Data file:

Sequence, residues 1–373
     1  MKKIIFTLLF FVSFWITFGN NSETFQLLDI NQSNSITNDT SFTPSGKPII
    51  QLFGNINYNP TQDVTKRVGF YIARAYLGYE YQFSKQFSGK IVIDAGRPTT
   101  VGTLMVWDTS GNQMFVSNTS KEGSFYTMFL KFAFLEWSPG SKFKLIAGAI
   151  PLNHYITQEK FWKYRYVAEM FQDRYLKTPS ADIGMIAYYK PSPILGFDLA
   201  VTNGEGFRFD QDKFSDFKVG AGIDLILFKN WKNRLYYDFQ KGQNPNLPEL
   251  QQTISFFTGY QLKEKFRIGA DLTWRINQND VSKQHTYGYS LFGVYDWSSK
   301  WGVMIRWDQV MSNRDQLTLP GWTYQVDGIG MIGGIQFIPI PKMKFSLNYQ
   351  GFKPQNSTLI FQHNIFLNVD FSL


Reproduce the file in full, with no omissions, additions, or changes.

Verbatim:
Sequence, residues 1–373
     1  MKKIIFTLLF FVSFWITFGN NSETFQLLDI NQSNSITNDT SFTPSGKPII
    51  QLFGNINYNP TQDVTKRVGF YIARAYLGYE YQFSKQFSGK IVIDAGRPTT
   101  VGTLMVWDTS GNQMFVSNTS KEGSFYTMFL KFAFLEWSPG SKFKLIAGAI
   151  PLNHYITQEK FWKYRYVAEM FQDRYLKTPS ADIGMIAYYK PSPILGFDLA
   201  VTNGEGFRFD QDKFSDFKVG AGIDLILFKN WKNRLYYDFQ KGQNPNLPEL
   251  QQTISFFTGY QLKEKFRIGA DLTWRINQND VSKQHTYGYS LFGVYDWSSK
   301  WGVMIRWDQV MSNRDQLTLP GWTYQVDGIG MIGGIQFIPI PKMKFSLNYQ
   351  GFKPQNSTLI FQHNIFLNVD FSL